FIG. 5 depicts a first embodiment of look ahead 8B/10B encoder architecture 38 in accordance with the present invention. Again, description of those components and interconnections that are the same as those in FIG. 1 is not repeated in detail. Successive eight bit bytes of data are applied alternately on line 10 a through register 12 a to encoder 18 a and on line 10 b through register 12 b and in parallel to encoders 18 b and 18 b′. Encoder 18 b receives a positive disparity signal as its RDI-B1 signal on line 36 b, while encoder 18 b′ receives a negative disparity signal as its RDI-B2 signal on line 36 b′. Each encoder 18 b, 18 b′ thus encodes the eight bit bytes applied through register 12 b in accordance with its respective, pre-assigned RDI signal. The ten bit output byte from encoder 18 b is applied on line 22 b to the 1 input of multiplexer 23, and the ten bit output byte from encoder 18 b′ is applied on line 22 b′ to the 0 input of multiplexer 23. The output of multiplexer 23 is applied on line 25 to register 24 b. The RDO-B1 output from encoder 18 b is applied on line 30 b to the 1 input of multiplexer 33, while the RDO-B2 signal from encoder 18 b′ is applied on line 30 b′ to the 0 input of multiplexer 33. The output of multiplexer 33 is applied on line 30′ to the D input of flip-flop 32, the Q output of which provides the RDI-A signal on line 36 a to encoder 18 a. The RDO-A output from encoder 18 a is applied on line 30 a to the select input of multiplexer 23 and to the select input of multiplexer 33.

Successive eight bit bytes of input data are applied alternately on input lines 10 a and 10 b through register 12 a and 12 b to encoder 18 a and in parallel to encoders 18 b and 18 b′. The transmission speed is such that encoders 18 b and 18 b′ receive an eight bit byte for encoding before encoder 18 a has completed encoding the input byte applied to it, and therefore before encoder 18 a provides the RDO-A signal on line 30 a. Encoders 18 b and 18 b′ nevertheless commence encoding this input byte applied to them as soon as it is received, with encoder 18 b utilizing a positive disparity signal as its RDI-B1 signal, and encoder 18 b′ utilizing a negative disparity signal as its RDI-B2 signal. When encoders 18 b and 18 b′ have finished encoding, they apply their outputs to multiplexer 23. By that time, encoder 18 a has encoded the input byte applied to it, and the RDO-A output is available to select the appropriate one of the inputs to multiplexer 23 to be the ten bit encoded output byte. Thus, if the RDO-A signal on line 30 a indicates a positive disparity, then multiplexer 23 outputs the ten bit byte from encoder 18 b, while if the RDO-A signal on line 30 a indicates a negative disparity from encoder 18 a, then multiplexer 23 outputs the ten bit byte from encoder 18 b′. Likewise, if the RDO-A output from encoder 18 a indicates a positive disparity, then multiplexer 33 provides the RDO-B1 signal from encoder 18 b to the D input of flip-flop 32, for use as the RDI-A input during encoding of the next eight bit byte applied to encoder 18 a, while if the RDO-A signal from encoder 18 a indicates a negative disparity, then multiplexer 33 provides the RDO-B2 signal from encoder 18 b′ to the input of flip-flop 32. The RDI signal used for the encoding of each successive eight bit byte is thus the RDO signal of the immediately preceding encoded ten bit byte. Multiplexers 23 and 33 could, of course, be a single multiplexer.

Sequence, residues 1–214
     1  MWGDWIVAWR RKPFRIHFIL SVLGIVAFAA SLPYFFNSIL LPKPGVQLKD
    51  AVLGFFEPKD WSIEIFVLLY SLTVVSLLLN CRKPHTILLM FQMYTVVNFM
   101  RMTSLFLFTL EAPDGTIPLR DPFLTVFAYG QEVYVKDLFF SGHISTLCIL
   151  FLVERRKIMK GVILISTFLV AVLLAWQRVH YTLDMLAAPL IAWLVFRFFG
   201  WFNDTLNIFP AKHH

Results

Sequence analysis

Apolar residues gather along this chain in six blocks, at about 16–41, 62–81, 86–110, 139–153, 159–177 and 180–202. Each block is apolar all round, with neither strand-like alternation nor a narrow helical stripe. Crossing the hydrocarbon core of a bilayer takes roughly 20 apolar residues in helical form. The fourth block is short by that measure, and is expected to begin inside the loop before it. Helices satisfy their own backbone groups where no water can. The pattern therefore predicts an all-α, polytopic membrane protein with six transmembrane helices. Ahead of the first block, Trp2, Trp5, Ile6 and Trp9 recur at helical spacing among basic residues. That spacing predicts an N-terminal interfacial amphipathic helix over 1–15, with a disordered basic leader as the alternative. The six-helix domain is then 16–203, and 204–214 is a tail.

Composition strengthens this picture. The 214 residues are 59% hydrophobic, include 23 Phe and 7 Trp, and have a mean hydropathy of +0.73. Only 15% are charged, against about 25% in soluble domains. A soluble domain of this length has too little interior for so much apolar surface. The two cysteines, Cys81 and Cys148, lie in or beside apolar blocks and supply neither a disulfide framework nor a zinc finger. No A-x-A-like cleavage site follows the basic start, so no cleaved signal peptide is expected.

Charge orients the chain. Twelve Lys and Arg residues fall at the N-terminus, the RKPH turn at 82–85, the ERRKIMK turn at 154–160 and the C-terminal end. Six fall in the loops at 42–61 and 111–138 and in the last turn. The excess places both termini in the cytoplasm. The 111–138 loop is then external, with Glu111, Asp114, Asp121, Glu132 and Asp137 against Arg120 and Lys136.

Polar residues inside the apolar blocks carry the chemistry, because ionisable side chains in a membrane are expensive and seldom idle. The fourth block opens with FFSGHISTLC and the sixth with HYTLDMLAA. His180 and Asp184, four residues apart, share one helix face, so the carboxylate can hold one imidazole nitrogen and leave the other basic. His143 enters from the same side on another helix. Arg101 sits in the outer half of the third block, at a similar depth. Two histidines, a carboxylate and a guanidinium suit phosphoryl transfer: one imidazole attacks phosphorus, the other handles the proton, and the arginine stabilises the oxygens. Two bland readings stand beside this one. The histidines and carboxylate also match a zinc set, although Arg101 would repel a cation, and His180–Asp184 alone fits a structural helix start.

FIG. 6 depicts a corresponding embodiment of look ahead 8B/10B decoder architecture 70 in accordance with the present invention. Description of those components and interconnections that are the same as those as FIG. 2 are not repeated in detail. Successive ten bit bytes of data are applied alternately on line 40 a through register 42 a to decoder 48 a and on line 40 b through register 42 b and in parallel to decoders 48 b and 48 b′. Decoder 48 b receives a positive disparity signal as its RDI-B1 signal on line 68 b, while decoder 48 b′ receives a negative disparity signal as its RDI-B2 signal on line 68 b′. Each decoder 48 b, 48 b′ then decodes the ten bit byte applied through register 42 b in accordance with its respective, preassigned RDI signal. The eight bit output byte from decoder 48 b is applied on line 54 b to the 1 input of multiplexer 50, and the eight bit output byte from decoder 48 b′ is applied on line 54 b′ to the 0 input of multiplexer 50. The output of multiplexer 50 is applied on line 56 to register 52 b. The RDO-B1 output from decoder 48 b is applied on line 62 b to the 1 input of multiplexer 63, while the RDO-B2 output from decoder 48 b′ is applied on line 62 b′ to the 0 input of multiplexer 63. The output of multiplexer 63 is applied on line 62′ to the D input of flip-flop 64, the Q output of which provides the RDI-A signal on line 68 a to decoder 48 a. The RDO-A output from decoder 48 a is applied on line 62 a to the select input of multiplexer 50 and to the select input of multiplexer 63.